On December 5, JHI sent Nichole and me to the first TedxRVAWomen Conference, held at Dogtown Dance Theater. I was particularly excited because I had attended TedxRVAGraceStreet in September, and was really impressed by the conversation it generated.
Richmond’s first TedxRVAWomen consisted of 14 speakers of a various ages and disciplines, all women who live, work, and make change in Richmond. Among the topics covered were: motherhood, privilege, body image, finding your place, and connection to others.
The first half of the conference focused on work-life balance, and setting goals. Christy Coleman, president of The American Civil War Center at Historic Tredegar, encouraged us to “design your own scale” when balancing work with family. Artist Colleen Hall gave everyone permission slips to take time for themselves. “In an airplane they instruct you to put on your oxygen mask first, before helping others,” she said.
Sustainability Manager for the City of Richmond, Alicia Zatcoff, and award-winning author Gigi Amateau focused on nature and sustainability in their Ted talks. Gigi inspired us all when she told us what she instructs her 6th grade writing students to do when they are stuck: “I tell them to go to the river…Henry David Thoreau said, ‘All good things are wild and free.’”
While the first half of the conference focused on finding your passion, the second centered on self-evaluation and realization.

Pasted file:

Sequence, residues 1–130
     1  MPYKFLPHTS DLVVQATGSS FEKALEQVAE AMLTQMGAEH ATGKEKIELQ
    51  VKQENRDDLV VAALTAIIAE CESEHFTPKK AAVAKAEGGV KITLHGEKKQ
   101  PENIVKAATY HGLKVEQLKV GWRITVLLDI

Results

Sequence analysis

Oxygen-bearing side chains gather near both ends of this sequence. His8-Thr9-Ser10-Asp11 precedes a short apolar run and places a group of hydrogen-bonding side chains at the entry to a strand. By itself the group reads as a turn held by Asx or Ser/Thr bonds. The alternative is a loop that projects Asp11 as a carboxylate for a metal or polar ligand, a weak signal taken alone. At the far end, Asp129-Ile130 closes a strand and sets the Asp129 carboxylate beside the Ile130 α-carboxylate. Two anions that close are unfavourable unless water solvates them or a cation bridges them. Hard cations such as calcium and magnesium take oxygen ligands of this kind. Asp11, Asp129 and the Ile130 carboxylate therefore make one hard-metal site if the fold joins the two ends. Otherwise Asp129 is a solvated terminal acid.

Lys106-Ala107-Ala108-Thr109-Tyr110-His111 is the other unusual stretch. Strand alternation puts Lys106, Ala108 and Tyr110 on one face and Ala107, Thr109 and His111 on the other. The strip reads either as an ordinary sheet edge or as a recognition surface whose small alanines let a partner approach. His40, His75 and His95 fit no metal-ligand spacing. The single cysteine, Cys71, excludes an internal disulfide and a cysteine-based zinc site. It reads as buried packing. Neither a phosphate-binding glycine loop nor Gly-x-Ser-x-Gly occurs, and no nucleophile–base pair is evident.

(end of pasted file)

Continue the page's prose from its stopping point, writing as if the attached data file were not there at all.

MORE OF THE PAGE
“We all have privilege,” founder of TMI Consulting, Tiffany Jana,
said: “Find your privilege and use it for good.”
Crossfit coach Kara Silva, and makeup artist Eva DeVirgilis spoke about beauty and body image in their Ted Talks. DeVirgilis told us how she uses her role as a makeup artist to help women own their beauty: “I like to think of myself as treading in the deep end of a shallow profession,” she said. Silva spoke to us about stepping outside of your body image and looking at the entire scope of your life: “You cannot define yourself by one wave, you are the whole ocean.”
Two of the most remarkable talks of the day came from the youngest speakers. First was 17-year-old Samantha Marquez, an already accomplished scientist (7 patents!), with some remarkable insights on the scientific field. She talked about the need to encourage women to pursue jobs in science: “If you don’t have a seat at the table, bring your own chair.” Another young speaker, VCU student Carmen Jones, blew us away with her beautiful and brave monologue: “I am Carmen Jones, and I love myself.”